The Newroz legend of the blacksmith Kawa has its roots in Akra, our destination. The town is located at the northeastern tip of Ninewa, which is part of the disputed territories under the de facto administration of the Kurdistan Regional Government (KRG). It is also within 20 miles of Barzan, putting it squarely within the heartland of the Kurdistan Democratic Party (KDP).

The town of Akra, birthplace of the Newroz legend of Kawa the Blacksmith (Photo by EPIC director Erik K. Gustafson/EPIC, March 20, 2010).

After an hour and a half drive across beautiful landscapes and raucous conversation over a soundtrack of traditional Kurdish music, our taxis turned onto the shoulder of the road and parked on the outskirts of Akra. Built into the foothills of the Zagros Mountains with cross-cutting streets and stair step buildings, Akra evokes MC Escher’s woodcut of the Italian hill town Morano, Calabria. Predominantly Kurdish with a significant Assyrian minority, Akra has a modest church and half dozen mosques, their minarets punctuating each neighborhood. The largest mosque stands near the central square and former administrative building of Ottoman days.

We made the remaining journey by foot, entering the town’s interior of steps and narrow alleyways. Throughout most of the city’s interior, the only traffic is that of pedestrians and occasional donkeys.

We dropped our bags off at Kak Safin’s sister’s house, and set off to explore the jubilant city. Already, the singing and dancing had begun, and M-80 fire crackers were being thrown haphazardly about. On the ascent to one of the signal fires, we came across a large rooftop of a dozen or more Barzani Kurds dancing in traditional tribal dress as one of them sang. They wore shirts and baggy pantaloons (tan or dark colored) that billowed as they moved up and down in cadence, cummerbunds, and red and white patterned turbans (or jamadanis) thrown casually over their shoulders. Traditional Kurdish folk dancing is similar to dabke with participants linking hands and dancing in a circle. The final dancer at each end usually waves a handkerchief. In this case, each man waved a large flag, one for Kurdistan and the other for the KDP. The genuine enthusiasm of the dancers and the simple joy of motion were contagious, and the moment one of the dancers noticed me bobbing along to the beat, there was no backing down. Soon I was pulled into the line and dancing (somewhat out of step) with Sebastian there to capture the moment forever. One snapshot has me in descent as a blast of air puffs my shirt outward, making me look almost as ridiculous as if Hans and Franz joined the Rockettes.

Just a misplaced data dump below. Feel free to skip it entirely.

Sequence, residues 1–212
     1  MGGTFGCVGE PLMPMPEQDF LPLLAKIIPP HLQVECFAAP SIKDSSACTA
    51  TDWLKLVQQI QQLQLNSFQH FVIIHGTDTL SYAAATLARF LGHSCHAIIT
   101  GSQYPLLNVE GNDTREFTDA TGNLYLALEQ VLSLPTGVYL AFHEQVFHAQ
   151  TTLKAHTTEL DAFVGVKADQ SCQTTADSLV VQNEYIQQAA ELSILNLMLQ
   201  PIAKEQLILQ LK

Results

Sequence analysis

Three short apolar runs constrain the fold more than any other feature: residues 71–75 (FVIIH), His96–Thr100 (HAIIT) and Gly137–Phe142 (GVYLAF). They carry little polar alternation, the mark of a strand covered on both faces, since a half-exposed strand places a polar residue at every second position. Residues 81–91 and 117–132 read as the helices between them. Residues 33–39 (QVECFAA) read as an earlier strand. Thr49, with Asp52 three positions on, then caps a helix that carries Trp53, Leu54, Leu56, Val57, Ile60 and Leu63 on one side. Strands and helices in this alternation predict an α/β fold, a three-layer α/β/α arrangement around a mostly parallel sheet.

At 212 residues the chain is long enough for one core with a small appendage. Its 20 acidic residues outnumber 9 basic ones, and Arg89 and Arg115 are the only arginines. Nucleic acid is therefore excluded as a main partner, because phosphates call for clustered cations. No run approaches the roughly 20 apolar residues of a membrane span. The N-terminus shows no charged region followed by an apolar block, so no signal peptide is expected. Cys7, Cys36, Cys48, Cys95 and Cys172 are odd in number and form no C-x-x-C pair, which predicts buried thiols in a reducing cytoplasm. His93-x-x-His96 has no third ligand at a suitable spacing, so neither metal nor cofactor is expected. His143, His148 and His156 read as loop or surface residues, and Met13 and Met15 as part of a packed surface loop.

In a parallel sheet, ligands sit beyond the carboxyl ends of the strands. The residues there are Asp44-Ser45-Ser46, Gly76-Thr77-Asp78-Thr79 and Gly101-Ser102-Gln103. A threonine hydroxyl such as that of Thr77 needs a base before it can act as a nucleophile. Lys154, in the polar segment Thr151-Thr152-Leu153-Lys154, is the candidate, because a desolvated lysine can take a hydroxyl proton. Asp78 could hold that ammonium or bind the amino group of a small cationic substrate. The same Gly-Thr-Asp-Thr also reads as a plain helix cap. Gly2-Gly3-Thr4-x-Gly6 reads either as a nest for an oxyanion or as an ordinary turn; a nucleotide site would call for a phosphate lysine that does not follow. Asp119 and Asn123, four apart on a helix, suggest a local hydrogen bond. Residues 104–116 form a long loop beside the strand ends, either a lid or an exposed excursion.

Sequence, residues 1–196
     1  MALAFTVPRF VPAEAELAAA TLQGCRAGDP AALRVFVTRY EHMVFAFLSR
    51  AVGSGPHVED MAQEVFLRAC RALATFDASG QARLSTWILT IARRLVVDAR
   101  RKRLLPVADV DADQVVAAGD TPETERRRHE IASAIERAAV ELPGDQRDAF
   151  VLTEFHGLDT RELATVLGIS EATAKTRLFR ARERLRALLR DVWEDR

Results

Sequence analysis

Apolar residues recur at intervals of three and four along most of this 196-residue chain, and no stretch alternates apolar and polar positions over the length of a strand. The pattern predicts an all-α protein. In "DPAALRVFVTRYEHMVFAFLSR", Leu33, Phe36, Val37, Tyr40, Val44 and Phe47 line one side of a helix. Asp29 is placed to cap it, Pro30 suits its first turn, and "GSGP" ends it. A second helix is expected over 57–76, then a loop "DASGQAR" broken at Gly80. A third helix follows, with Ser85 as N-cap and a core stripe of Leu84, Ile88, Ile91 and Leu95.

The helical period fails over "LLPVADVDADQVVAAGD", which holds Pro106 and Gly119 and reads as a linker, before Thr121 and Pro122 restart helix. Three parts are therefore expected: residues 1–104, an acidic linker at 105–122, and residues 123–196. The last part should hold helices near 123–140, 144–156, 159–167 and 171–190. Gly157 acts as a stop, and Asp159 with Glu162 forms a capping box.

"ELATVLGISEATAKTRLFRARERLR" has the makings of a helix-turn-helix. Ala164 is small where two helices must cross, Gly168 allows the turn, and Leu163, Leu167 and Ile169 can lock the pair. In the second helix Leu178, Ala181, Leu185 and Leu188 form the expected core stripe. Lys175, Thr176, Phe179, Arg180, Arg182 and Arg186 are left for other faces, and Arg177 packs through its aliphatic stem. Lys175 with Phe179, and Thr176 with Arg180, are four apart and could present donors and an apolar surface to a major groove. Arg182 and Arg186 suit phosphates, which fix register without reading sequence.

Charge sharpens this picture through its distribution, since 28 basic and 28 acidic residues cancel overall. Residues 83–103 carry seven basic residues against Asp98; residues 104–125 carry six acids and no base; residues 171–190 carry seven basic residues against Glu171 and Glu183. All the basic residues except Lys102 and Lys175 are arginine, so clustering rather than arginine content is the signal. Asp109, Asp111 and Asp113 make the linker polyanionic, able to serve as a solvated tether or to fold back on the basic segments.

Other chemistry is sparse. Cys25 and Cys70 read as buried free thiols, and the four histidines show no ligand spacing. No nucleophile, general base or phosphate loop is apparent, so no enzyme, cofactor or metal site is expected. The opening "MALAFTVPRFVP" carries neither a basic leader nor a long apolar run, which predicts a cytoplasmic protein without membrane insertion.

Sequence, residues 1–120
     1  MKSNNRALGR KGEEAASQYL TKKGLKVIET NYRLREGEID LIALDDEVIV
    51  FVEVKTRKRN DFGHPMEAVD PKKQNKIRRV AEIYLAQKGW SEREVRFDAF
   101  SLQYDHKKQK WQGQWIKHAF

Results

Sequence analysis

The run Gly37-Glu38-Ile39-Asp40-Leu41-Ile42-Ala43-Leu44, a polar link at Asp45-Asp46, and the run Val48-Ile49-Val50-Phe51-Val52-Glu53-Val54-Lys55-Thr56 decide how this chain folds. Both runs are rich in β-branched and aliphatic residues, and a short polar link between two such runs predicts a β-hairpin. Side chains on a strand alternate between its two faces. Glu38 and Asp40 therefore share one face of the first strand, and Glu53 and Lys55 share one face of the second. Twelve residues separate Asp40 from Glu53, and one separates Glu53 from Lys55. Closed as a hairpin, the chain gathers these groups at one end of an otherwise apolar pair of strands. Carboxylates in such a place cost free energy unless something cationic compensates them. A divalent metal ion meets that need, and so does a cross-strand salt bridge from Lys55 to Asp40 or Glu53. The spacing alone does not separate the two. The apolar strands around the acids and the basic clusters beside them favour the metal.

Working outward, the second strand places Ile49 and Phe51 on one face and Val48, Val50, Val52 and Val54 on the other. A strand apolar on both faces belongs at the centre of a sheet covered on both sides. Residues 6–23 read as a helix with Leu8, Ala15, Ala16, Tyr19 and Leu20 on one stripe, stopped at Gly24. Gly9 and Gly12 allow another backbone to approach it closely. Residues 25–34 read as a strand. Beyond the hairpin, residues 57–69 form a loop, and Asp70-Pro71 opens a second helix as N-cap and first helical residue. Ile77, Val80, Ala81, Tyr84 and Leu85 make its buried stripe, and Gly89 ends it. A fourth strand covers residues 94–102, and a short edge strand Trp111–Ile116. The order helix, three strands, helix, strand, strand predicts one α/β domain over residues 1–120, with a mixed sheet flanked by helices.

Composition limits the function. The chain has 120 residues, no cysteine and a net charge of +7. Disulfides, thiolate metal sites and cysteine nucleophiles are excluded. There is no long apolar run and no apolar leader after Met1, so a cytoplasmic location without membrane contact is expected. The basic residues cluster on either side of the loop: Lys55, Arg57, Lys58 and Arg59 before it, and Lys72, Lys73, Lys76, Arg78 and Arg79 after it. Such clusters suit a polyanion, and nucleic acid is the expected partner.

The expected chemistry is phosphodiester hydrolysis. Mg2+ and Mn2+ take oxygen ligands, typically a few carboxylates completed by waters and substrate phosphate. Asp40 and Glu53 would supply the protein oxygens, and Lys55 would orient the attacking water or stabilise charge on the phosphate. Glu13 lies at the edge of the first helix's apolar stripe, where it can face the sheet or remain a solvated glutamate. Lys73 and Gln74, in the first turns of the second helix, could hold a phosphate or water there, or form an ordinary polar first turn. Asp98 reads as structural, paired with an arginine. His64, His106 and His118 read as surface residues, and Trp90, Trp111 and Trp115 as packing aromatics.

From there we walked back down through the town and up to large overlook of the public square and mountains to the north, and the smaller green foothills and valleys to the south. This was where the largest crowd gathered for the best view of the evening’s festivities, while Peshmerga standing watchfully on guard.

One of the main attractions was a campy outdoor theater performance of Kawa’s epic battle against the snake king Zuhak. As the sun set on Kawa’s triumph, Akra’s first signal fire was lit atop a nearby mountain. From there, a procession of torch bearers ran zig zag down the mountainside and through town to the next summit, lighting a second signal fire. This was capped off with a fireworks show that brightened the dark recesses of the town and the hearts of every young onlooker.

The torchbearers make their descent, proceeding to the next signal fire in honor of the legend of Kawa. In the foreground is the old district government building used by Ottoman administrators from 1877 to 1918, and later by Iraqi officials. Today the town and district of Akra is under the de facto administration of the Kurdistan Regional Government (photo by Erik K. Gustafson/EPIC, March 20, 2010).

From the second summit, the torchbearers reentered town and went directly to the public gathering, cutting across the applauding crowds and igniting a third massive bonfire. Many in the crowd were snapping photos on their mobile phones or joining hands with each other in dance. On stage, singers kept the dancers joyously in motion.

Newroz remains the oldest continuously celebrated spring festival in the world, and Akra is one of the best places to see a distinctly Kurdish celebration of that sacred day. Moreover, when you see the drab terrain of the region transform into an explosion of color (bright greens, yellows, and dots of red and purple), you can understand what all the fuss is about, and even find yourself moved to dance a jig or two.

Here are more photos of my 2010 Newroz adventure.

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Happy Newroz dear readers! Newroztan Pîroz bêt!

Erik K. Gustafson

About Erik K. Gustafson

Erik is EPIC's founder and director. As a U.S. veteran of the 1991 Gulf War, Erik has devoted his life to humanitarian action and empowering youth in support of Iraq's peace and development.